For example, Melissa Blackmann’s Arctic Conversation is a woodcut print on paper of narwhals gathering in the Arctic, one of which we know for sure to be half-human and half-narwhal. Charlynne Lafontaine created I See You from three found eye glasses which she flameworked, the works speak to events in the 1980s like the femicide at l’École Polytechnique de Montréal, Judy Rebick and the second wave of feminism as well as what Madonna might say. Hilde Lambrechts Good Riddance is made up of two doilies, one fossilized in porcelain and the other crocheted in black yarn, provoking thoughts around the artistry of crochet while discussing what is often considered to be traditional women’s work.

With Kosisochukwu Nnebe’s The Self, The Other and The Other’s Other viewers look the artist in the eye and see themselves reflected back in the photo-based mixed media sculpture, it is inspired by Hegel’s Master-Slave Dialectic. Susan Roston’s Toxic Finger Emporium is a porcelain sculpture that asks women to consider how they treat other women; and, Anna Griffiths’ Bloom is a digital collage and manipulation of hand-drawn and painted elements printed in HD on aluminum, the image seeks to subvert conventional beauty ideas and celebrate diversity and individuality – to discuss only a few.

Q. Who is in the show?

A. I love that we hear from and see work by diverse artists of all ages and at various stages in their careers. They are all remarkable women and artists with inimitable insights into their own situations and life as an artist in Ottawa in 2017. We need to see their art and hear from them if we are to understand what they are doing.

Participating Artists are: Alexandre Aimee, Gabriela Avila-Yiptong, Amy Barker, Barbara Bolton, Melissa Blackman, Natalie Bruvels, Rebecca Clouatre, Heidi Conrod, Kristina Corre, Joyce Crago, Anne Dahl, Brenda Dunn, Virginia Dupuis, Marisa Gallemit, Abigail Gossage, Anna Griffiths, Lea Hamilton, Petra Halkes, Melle Harris, Leslie Hossack, Sayward Johnson, Sharon Katz, Lilly Koltun, Charlynne Lafontaine, Hilde Lambrechts, Lesia Maruschak, Kelsey McGruer, Mique Michelle, Judy Morris Dupont, Kosisochukwu Nnebe, Susan Roston, Kathryn Shriver, Patrice Stanley, Ruth Steinberg, Joanna Swim, Anne Wanda Tessier, Patricia Wallace, Veronica Waterfall, Yvonne Wiegers.

Q. How has the show been received?

A. There was no room to move on opening night. The responses have been overwhelmingly positive. To have this show coincide with the #MeToo movement has meant the exhibition has also been viewed through the lens of breaking silence in the arts. In that sense, the show could not be more timely. Many people who would not normally head to a local commercial gallery have experienced this show, which is a major reason why the show has been extended. People are genuinely intrigued.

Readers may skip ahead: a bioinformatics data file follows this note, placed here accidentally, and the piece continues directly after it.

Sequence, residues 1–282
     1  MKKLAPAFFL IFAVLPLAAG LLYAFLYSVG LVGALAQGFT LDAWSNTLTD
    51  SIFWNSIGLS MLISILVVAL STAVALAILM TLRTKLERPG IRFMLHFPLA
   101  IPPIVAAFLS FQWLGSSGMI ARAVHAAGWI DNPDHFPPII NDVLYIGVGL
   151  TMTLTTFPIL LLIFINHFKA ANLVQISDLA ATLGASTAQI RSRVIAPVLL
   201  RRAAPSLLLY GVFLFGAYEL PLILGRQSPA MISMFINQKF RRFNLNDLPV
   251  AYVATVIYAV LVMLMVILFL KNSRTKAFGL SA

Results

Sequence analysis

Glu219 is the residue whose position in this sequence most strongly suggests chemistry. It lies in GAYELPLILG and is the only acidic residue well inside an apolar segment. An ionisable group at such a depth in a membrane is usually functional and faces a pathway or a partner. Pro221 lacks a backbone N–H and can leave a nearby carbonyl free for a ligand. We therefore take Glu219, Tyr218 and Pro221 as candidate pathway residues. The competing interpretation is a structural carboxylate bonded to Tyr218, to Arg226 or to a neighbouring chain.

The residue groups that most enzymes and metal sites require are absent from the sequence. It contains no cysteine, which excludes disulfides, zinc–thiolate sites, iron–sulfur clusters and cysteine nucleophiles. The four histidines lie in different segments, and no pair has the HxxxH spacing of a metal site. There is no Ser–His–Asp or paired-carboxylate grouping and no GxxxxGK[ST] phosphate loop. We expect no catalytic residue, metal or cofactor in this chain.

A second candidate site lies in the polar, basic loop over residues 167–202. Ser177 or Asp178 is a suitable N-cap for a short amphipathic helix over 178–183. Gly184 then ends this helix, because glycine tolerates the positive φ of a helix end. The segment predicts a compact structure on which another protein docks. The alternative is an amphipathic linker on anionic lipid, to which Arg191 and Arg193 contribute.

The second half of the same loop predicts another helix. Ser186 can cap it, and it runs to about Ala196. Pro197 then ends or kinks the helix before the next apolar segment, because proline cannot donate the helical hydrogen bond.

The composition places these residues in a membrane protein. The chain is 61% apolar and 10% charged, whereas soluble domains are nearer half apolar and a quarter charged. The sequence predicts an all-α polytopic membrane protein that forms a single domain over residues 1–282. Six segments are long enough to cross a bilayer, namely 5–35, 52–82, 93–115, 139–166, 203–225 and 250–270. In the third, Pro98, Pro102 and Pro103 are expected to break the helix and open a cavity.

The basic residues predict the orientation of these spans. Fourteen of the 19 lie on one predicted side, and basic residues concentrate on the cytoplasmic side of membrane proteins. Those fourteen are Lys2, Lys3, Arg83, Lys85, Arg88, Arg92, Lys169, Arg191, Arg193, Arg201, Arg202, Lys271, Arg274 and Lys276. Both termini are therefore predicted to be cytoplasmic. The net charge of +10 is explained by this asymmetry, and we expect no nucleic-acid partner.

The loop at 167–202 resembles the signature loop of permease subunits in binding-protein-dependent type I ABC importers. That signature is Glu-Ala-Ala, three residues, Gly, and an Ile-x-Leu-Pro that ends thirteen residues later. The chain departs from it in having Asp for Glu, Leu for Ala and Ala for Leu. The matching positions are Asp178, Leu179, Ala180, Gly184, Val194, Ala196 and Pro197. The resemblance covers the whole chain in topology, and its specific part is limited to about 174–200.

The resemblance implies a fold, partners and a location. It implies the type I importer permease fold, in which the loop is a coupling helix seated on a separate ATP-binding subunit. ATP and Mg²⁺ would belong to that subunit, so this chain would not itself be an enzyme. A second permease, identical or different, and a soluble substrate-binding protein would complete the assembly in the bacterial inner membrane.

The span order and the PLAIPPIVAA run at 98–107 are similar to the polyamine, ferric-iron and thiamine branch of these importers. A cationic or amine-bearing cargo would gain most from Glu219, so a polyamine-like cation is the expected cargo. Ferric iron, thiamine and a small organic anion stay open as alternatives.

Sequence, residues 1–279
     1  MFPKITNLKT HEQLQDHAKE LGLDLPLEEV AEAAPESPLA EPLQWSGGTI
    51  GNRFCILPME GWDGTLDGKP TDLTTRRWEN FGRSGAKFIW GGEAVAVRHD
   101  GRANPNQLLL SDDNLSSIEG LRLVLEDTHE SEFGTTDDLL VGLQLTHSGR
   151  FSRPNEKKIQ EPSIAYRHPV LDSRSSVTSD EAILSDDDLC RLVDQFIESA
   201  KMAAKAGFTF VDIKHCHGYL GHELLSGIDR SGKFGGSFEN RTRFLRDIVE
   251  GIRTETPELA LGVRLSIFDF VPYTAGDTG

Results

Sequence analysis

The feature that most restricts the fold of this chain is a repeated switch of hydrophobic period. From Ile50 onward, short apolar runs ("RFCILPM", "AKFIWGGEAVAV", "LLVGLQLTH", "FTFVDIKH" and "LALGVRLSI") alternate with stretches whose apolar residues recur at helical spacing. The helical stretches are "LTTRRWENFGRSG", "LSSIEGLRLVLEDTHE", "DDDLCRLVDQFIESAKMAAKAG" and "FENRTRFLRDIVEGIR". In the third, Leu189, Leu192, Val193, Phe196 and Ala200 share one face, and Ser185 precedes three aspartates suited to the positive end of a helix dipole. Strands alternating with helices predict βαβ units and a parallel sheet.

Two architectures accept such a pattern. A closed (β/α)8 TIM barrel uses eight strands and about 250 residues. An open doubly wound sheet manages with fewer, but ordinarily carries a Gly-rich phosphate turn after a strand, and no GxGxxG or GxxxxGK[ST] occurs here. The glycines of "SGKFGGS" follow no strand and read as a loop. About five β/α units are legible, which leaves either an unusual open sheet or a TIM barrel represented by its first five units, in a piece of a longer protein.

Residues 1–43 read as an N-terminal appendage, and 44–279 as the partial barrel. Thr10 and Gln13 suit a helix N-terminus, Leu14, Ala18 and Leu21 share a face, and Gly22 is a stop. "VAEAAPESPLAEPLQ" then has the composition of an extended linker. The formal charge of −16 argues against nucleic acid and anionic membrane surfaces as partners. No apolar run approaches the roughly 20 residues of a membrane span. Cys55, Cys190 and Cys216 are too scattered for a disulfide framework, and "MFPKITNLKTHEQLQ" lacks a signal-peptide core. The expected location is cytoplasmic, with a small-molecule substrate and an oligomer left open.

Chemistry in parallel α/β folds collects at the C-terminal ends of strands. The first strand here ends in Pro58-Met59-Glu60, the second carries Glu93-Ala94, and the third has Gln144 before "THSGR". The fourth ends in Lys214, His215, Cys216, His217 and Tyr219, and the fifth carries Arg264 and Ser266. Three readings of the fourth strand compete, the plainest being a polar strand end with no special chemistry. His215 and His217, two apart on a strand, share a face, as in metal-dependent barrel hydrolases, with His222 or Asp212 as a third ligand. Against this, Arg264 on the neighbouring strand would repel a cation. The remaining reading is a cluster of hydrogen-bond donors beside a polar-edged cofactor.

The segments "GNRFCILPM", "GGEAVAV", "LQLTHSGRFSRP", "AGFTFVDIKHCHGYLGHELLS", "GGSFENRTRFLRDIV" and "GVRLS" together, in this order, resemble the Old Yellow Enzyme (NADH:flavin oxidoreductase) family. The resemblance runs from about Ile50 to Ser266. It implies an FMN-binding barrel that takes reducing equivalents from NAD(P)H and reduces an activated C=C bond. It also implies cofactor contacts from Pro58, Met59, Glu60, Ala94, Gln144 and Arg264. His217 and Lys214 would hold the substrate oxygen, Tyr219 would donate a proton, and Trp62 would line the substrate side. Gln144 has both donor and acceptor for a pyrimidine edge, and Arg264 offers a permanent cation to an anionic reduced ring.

Q. It has been extended until Jan. 20. What’s happening on closing night?

A. We want to party like it’s 2018 which means after we march in the Women’s March Ottawa on Jan. 20, we will join everyone at the Bronson Centre and then head to the gallery to wrap up the show with art, a DJ and drinks from 5:30 to 8:30 p.m. We expect many of the artists to be on hand and a lively discussion about the year that was 2017, ARTiculations and how to keep the momentum going in 2018. Everyone is welcome.

Q. Does this show live on somehow?

A. ARTiculations lives on the mini-website featuring the art, artist statements and links to all of the full length interviews. Transcripts from the interviews are slated to become a book.

Studio Sixty Six plans to follow this show up with a group show introducing their 2018 artists who will be featured throughout the year.

Artspace613 always has a few things on the go. A main focus for 2018 will be the Art-o-mat®. Artspace613’s office in allsaints Event Space in Sandy Hill has the only Art-o-mat® in Canada. The 20 year old creation by Clark Whittington is essentially a cigarette vending machine that has been refurbished to dispense small works of art that cost the equivalent of $5 US, a prospect I find pretty exciting. A family of four can come by and they can each buy an original work of art for the equivalent of $20US. It’s a fun and inexpensive way to interact with art and creativity as well as become an art collector. There are more than 100 machines around the world with more than 400 artists contributing. Artspace613 currently stocks two local artists and has also facilitated that Ottawa artists get placed in other machines like the Art-o-mat® in the Smithsonian or Boston Museum of Fine Art. To see it make an appointment with an email to to make sure I am in the office.

Studio Sixty Six is located at 66 Muriel Street, Suite 202. For more information

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Peter Robb began his connection with the arts community in Ottawa in the mid-1980s when he was the administrator and public relations director of the Great Canadian Theatre Company. After a long career in journalism with the Ottawa Citizen where he served in a number of different posts he returned to the arts when he became the Citizen's arts editor.